Space technology working miracles in healthcare


A gas sensor that was designed to detect traces of life on Mars turned out to have just the right qualities for measuring blood gases in premature babies. Through Region Uppsala Innovation’s project with innovation hubs, researchers and entrepreneurs have been able to gain full insight into needs in healthcare and adapted their innovations to become useful solutions. 

Anders Persson, space researcher, together with Erik Normann and Anette Johansson at Uppsala University Hospital. Photo: Marie Kruse

What do space research and the neonatal unit at Uppsala University Hospital have in common? Anders Persson, space researcher at the Department of Materials Science and Engineering at Uppsala University and the CEO of the company Fourth State Systems, explains.

“I’m a space researcher fundamentally, and I had no prior experience of what healthcare does or with medical devices. But we were in the process of developing a gas sensor whose fundamental purpose was to detect signs of life on Mars by measuring carbon dioxide levels.”

However, the story was to take an unexpected turn, and rather than ending up on Mars, the sensor and its capabilities were just what was needed in the neonatal unit at Uppsala University Hospital.

“The sensor had a number of features that we realised might be useful for more ‘down-to-earth’ applications. We got wind of the fact that the neonatal unit were having problems measuring blood gases in premature babies, and that their existing method was sub-optimal. One major issue was the risk of injury to the baby because the measuring instrument that needed to be glued fast to the skin had to be heated to a temperature of 43 degrees Celsius before it could take measurements. So we took the time to engage in conversation and dialogue with healthcare professionals, and saw ourselves as a bit like students on internship to learn more. Then we designed our sensor so that it could instead measure blood gases – carbon dioxide and oxygen – in these premature babies. Now we had a solution that required no adhesive nor any other intervention that might harm the baby in order to work.”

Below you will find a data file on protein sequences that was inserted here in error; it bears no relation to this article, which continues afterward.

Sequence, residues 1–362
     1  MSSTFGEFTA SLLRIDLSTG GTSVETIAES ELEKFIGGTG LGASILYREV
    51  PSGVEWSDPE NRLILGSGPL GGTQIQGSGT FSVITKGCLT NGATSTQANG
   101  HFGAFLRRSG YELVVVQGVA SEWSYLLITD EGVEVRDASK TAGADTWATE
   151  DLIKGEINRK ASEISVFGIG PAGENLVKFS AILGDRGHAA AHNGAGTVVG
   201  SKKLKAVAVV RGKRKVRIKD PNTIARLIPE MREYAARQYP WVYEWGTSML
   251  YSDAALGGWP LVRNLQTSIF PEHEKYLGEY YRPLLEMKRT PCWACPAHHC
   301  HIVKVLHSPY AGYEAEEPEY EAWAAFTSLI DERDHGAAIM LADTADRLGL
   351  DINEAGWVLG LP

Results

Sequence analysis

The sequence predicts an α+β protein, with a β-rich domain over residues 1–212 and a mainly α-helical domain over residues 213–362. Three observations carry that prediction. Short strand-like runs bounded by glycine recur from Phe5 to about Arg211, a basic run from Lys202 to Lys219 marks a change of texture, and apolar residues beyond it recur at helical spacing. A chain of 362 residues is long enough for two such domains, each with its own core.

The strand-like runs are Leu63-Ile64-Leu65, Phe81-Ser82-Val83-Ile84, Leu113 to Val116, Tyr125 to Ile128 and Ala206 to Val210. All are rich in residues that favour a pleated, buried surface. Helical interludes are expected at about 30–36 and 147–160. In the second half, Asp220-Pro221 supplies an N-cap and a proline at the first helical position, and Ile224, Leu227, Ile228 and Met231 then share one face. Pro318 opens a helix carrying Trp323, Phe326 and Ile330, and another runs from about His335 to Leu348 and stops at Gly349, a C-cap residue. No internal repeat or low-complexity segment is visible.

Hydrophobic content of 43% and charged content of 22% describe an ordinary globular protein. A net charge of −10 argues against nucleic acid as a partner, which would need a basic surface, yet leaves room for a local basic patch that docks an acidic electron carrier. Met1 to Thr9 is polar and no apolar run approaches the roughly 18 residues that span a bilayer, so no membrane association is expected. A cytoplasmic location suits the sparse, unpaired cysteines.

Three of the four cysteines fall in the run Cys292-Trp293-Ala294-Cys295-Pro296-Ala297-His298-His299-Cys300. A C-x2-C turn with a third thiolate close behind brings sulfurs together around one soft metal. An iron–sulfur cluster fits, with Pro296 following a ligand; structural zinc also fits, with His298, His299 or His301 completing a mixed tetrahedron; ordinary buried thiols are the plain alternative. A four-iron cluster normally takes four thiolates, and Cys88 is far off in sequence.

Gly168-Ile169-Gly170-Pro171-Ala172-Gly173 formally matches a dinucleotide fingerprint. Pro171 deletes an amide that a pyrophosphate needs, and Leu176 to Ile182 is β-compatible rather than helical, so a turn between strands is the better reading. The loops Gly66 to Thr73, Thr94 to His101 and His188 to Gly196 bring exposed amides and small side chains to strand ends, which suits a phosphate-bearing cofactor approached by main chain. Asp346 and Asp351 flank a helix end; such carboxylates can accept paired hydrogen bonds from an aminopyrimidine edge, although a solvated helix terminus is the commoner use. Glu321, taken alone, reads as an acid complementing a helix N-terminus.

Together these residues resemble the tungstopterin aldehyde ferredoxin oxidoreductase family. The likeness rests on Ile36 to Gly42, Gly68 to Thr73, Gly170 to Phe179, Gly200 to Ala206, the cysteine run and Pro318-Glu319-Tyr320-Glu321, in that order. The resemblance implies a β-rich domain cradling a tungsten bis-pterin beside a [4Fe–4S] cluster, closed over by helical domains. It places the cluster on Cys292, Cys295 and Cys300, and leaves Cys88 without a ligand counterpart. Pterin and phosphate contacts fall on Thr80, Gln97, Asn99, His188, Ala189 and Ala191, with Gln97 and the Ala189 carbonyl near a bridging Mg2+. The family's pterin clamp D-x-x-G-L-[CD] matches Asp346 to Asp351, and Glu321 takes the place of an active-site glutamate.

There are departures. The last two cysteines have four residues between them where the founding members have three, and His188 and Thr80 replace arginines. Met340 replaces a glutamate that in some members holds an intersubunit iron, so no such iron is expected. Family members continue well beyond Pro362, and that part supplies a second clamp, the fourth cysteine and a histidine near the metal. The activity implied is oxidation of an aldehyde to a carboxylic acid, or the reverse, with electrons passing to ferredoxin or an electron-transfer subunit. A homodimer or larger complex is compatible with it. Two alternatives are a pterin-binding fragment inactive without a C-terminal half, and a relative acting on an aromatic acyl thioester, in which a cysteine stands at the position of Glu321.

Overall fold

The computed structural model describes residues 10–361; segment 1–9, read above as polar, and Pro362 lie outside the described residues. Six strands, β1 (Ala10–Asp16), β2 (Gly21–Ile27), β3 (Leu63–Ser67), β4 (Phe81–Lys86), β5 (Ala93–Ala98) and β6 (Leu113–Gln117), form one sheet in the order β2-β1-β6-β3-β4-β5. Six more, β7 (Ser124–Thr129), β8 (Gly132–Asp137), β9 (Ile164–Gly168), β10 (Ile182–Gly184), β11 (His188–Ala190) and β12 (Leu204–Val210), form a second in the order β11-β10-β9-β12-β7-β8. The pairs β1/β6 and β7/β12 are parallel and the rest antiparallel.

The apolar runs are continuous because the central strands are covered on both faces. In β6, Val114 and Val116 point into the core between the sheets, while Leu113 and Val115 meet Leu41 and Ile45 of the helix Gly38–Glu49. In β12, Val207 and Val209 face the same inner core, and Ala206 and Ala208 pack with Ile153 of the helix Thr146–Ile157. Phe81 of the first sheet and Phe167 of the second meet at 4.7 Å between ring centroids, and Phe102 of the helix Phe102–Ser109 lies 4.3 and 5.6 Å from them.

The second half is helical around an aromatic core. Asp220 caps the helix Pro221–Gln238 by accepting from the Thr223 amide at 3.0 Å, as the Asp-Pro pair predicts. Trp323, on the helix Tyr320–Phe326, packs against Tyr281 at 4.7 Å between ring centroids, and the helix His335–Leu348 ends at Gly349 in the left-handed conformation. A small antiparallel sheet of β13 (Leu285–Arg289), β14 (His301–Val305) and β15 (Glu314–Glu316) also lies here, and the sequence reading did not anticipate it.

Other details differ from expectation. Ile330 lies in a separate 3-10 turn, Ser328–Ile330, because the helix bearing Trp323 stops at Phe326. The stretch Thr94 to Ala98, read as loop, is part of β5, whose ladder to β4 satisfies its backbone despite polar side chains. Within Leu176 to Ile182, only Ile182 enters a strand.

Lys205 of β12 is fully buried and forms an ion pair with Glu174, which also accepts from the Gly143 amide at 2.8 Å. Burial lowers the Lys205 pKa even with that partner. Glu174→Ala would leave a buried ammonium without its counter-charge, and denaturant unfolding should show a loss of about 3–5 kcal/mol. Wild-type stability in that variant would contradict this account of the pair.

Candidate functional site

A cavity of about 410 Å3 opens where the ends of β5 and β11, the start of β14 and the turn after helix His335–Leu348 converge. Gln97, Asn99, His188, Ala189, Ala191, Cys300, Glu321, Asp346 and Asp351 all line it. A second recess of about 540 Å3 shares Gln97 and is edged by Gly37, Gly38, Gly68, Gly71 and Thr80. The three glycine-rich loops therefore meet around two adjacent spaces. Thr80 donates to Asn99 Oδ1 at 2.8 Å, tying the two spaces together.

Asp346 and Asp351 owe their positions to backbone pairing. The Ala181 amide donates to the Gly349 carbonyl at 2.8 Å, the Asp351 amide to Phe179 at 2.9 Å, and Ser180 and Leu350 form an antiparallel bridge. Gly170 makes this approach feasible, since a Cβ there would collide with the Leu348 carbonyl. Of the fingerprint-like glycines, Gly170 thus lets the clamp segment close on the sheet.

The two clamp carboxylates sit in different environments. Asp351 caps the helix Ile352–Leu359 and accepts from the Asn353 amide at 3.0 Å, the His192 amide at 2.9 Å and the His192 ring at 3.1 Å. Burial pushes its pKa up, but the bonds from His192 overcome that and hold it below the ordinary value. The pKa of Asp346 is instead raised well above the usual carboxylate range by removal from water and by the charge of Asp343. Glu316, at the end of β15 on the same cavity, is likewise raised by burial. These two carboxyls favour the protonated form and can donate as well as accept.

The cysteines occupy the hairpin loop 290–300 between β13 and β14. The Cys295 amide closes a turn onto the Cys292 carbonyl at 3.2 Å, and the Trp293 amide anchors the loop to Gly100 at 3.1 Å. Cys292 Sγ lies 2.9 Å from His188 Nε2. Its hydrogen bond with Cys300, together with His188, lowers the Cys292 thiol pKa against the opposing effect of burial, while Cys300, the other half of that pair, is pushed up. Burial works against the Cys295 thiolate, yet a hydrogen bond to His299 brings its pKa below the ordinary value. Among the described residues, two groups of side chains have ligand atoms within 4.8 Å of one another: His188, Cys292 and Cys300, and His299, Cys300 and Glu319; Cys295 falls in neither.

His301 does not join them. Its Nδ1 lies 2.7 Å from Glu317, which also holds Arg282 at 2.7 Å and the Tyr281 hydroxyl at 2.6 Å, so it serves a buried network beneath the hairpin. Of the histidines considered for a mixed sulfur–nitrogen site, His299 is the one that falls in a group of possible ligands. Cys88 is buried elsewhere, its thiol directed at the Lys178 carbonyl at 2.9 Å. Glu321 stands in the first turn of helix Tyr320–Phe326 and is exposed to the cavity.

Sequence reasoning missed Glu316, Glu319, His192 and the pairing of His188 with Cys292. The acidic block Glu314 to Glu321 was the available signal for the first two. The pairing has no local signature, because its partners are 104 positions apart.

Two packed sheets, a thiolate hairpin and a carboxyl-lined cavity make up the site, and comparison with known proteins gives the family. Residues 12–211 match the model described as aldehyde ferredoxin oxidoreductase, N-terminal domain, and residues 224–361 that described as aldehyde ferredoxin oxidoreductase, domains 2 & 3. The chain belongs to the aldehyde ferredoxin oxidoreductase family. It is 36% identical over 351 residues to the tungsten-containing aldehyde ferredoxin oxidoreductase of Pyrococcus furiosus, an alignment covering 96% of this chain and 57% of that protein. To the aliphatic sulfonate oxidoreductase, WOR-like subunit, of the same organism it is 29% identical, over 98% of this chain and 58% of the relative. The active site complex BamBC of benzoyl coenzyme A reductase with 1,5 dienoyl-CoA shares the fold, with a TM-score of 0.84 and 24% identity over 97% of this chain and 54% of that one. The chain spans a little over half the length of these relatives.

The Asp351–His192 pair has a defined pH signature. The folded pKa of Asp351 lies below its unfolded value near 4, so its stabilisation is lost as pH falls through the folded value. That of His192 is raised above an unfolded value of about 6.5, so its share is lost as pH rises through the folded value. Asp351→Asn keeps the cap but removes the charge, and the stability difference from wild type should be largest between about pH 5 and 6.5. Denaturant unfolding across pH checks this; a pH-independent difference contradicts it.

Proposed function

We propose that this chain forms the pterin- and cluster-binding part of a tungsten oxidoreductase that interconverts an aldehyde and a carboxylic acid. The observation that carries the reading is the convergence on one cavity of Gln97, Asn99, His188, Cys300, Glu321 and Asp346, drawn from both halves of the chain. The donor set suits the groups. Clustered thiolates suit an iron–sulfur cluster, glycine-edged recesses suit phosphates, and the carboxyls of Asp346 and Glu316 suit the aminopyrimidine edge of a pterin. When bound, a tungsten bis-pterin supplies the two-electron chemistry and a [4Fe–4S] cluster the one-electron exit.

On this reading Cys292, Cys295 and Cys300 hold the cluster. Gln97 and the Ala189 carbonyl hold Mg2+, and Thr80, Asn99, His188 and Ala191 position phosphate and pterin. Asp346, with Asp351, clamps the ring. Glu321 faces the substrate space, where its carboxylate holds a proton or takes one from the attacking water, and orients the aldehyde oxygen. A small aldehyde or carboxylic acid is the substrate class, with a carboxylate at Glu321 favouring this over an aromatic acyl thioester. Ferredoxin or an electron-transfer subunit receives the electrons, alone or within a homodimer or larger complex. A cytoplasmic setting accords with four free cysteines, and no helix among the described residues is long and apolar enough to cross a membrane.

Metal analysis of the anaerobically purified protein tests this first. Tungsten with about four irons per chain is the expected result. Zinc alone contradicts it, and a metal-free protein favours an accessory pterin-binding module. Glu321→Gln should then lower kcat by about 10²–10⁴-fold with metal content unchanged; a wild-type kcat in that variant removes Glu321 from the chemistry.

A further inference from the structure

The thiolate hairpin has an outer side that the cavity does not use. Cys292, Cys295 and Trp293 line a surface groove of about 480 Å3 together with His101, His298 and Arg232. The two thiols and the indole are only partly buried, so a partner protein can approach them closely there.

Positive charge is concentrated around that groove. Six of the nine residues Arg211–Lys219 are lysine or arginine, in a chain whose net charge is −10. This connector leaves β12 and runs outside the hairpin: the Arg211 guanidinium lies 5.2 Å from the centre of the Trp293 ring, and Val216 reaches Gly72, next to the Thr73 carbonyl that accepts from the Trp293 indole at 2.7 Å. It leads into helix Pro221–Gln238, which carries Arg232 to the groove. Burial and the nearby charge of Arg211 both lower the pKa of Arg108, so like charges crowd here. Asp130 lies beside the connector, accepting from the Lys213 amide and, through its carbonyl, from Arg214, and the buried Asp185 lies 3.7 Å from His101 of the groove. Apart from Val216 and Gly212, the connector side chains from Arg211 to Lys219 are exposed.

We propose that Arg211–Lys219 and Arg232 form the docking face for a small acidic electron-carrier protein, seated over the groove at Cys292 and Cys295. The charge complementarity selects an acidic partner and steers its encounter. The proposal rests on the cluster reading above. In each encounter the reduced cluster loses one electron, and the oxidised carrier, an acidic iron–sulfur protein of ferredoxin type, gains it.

Collaboration with healthcare

Collaboration with healthcare professionals has been facilitated by Region Uppsala Innovation which, through the innovation hubs project, connects people ‘at the coalface’ in healthcare with the right people in research and industry in order to solve medical technology challenges for example.

How important do you think that the interplay between healthcare, academia and businesses is in particular?

“If you look at our project with the blood gas sensor, we really improved our understanding of what we needed to do and develop in order to generate value for the healthcare sector. Although we had an idea beforehand of what healthcare needed and it was not entirely off the mark, the actual situation turned out to be somewhat different, and their key priorities were not what we thought they were. This gave us a picture of what was needed in order to create something that could really be beneficial and the hope is that more solutions of this kind will emerge if people in healthcare, academia and industry take that step and start discussing existing needs,” Anders concludes.

The research, which is a collaborative project between the spin-off company Fourth State Systems and the Division of Microsystems Technology at the Department of Materials Science and Engineering is funded by VINNOVA and the EU.

Robin Widing

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